» 08/09/2012, 00.00
Tripoli, power handed over to new Constituent Assembly amid insecurity and economic crisis
The handover from Mustafa Abdul Jalil, former leader of the NTC to Mohammed Salim Ali, the senior member of the Assembly, took place last night in Martyrs' Square in Tripoli. The country is the victim of an unprecedented economic crisis. The people ask the West to return funds the fruit of Gaddafi investments. Oil revenues are still in the hands of banks in Qatar.
Tripoli (AsiaNews) - The Libyan National
Transitional Council (NTC) has handed power over to the new Assembly elected on
7 July in the first democratic vote after 40 years of the Muammar Gaddafi
symbolic handover from Mustafa Abdul Jalil, former NTC leader and Mohammed
Salim Ali, the senior member of the Assembly took place last night in Martyrs'
Square in Tripoli
(formerly green square) in front of thousands of people. In
addition to celebrating the change of government, the Libyans have also
recalled the liberation of Tripoli
on 8 August 2011, with torches and candles as a sign of reconciliation. The
challenges facing the new moderate-led Assembly will be: restoring security, the
drafting of a new Constitution and recovering Libyan money frozen by the foreign
banks, necessary to resolve the grave economic crisis.
sources report that the country is still far from a full reconciliation. The
rebels have an armed militia parallel to the army, made up largely of soldiers
who fought for the Rais. "The
military are afraid of their revenge - they explain - and many do not work. The
same goes for the police, who no longer have the authority to enforce order.
Everything is still in total anarchy. The targeted killing of characters linked
to the regime is still preferred to a fair trial or to a true reconciliation.
democratic elections have brought a wave of confidence. The
population looks with hope to the new democratically elected leaders, but also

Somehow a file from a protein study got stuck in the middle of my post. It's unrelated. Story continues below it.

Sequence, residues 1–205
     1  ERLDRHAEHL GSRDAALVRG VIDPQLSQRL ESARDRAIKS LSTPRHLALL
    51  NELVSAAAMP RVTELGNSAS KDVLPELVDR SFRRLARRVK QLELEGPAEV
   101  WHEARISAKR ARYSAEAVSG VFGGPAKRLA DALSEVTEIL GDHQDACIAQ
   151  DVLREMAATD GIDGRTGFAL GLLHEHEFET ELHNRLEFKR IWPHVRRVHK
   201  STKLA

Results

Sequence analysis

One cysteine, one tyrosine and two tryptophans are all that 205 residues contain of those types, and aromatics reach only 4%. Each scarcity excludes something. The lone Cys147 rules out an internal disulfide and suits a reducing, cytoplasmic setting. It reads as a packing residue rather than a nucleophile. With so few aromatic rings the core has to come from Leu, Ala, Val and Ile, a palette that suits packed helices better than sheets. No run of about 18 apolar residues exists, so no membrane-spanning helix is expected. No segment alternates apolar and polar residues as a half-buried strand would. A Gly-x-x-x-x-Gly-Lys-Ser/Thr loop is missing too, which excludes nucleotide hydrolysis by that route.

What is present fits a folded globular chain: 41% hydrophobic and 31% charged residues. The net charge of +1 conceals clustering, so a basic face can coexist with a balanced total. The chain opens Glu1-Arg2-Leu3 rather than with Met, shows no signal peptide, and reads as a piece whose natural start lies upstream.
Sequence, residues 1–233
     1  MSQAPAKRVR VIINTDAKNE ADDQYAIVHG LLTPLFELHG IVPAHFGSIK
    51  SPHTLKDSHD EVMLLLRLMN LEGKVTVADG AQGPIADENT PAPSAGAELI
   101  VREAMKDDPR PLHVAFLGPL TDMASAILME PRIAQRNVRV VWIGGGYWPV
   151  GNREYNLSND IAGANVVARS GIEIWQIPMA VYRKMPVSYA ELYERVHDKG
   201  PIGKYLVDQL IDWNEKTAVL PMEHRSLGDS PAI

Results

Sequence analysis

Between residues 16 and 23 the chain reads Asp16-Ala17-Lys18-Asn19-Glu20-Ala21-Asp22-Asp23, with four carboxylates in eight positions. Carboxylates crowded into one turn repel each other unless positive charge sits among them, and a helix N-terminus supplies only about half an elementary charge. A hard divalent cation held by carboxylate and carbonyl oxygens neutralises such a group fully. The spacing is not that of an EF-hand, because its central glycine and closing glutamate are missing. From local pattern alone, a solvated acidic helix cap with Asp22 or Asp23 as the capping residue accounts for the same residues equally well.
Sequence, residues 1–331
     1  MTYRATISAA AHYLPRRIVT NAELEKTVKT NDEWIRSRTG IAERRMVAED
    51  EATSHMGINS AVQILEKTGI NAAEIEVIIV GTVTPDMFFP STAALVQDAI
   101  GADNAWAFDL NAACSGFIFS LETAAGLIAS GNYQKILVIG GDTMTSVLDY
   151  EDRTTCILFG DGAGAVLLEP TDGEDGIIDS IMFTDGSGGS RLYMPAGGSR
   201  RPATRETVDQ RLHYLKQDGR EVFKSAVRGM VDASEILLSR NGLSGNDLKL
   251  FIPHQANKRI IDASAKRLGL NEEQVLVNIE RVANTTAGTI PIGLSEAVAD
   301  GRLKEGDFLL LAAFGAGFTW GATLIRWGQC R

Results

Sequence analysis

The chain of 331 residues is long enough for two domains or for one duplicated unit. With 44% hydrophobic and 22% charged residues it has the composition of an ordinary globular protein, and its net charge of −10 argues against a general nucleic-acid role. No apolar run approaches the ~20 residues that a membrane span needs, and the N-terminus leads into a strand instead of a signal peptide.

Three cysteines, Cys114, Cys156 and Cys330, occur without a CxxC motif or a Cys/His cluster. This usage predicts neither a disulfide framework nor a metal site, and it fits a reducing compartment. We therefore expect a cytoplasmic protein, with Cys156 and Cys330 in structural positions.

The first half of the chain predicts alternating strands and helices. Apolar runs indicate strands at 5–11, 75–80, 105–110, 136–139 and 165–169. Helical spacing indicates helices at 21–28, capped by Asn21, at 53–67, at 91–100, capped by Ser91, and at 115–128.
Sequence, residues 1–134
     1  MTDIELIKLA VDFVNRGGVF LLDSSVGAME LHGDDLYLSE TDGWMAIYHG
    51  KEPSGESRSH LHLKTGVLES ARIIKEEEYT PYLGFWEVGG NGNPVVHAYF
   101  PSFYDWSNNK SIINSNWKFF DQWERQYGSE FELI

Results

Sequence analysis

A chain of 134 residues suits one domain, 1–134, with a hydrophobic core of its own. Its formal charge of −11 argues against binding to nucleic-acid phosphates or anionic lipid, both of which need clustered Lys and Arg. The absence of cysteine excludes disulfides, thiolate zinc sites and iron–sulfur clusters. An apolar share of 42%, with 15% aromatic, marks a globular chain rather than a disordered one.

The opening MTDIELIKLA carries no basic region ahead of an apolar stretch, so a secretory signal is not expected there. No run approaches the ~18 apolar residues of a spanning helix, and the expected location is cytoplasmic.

nourishes many misgivings and doubts about the economic future of the country,
struggling to restart one year after the fall of the regime.
situation - explain the sources - is disastrous. The only ones who have a
salary are government employees, but there are delays in payments for them as
well. Rent, fuel and essential goods have almost tripled. Elderly and sick
people do not have
access to medical care because they are too expensive and hospitals have not
yet been reactivated. "
problem is the exodus of foreign companies who came to Libya under the
regime, charged with modernizing the country in collaboration with local
date, most foreign companies are struggling to return, but sources say the
problem is not just about security. They
are demanding that the Libyan government pay for the contracts signed by
Gaddafi and rebuild construction sites and facilities destroyed by NATO bombs
and the fighting between army and rebels. But
no institution has the money to meet these conditions. There
is not enough liquidity for rebuilding and to restart companies.
derived from oil plants, which at the time the regime reinvested in the local
economy, is now diverted to an account of the Qatar National Bank payable to
the rebels in Benghazi. This
account was activated 27 March 2011,
a month after the outbreak of the riots. The
same fate happened to deposits held by foreign banks in different States: United States, Great
Germany and Italy. The amounts involved are huge. According
to an estimate of the German Government, the Bundesbank alone has a surplus of
1.96 billion Euros. The
rest of the money is distributed among nearly 200 activated accounts in 13
financial institutions for an indefinite amount. The
deposits are registered in the name of the Libyan Central Bank, others to the
Libyan Foreign Investment, and others to the Libyan Investment Authority. According
to experts, the total amount of funds is around 100 trillion dollars.
NTC leaders have stalled on this topic until now, claiming that the country was
still too insecure and the money was in danger of falling into the wrong hands.
the new government the people hope that the funds will be reinvested in national
banks within at least a year, but there are no leaders who are capable of
dealing with foreign economic powers.
other Libyan cities - our sources conclude - many people are ready to take up
arms if the economic situation remains this way. There is a risk of a new
revolution against those states that have contributed to the fall of the
regime. A joke is doing the rounds in the capital " UN and NATO are making us
pay the price for the bombs used to kill Gaddafi'. " (SC)
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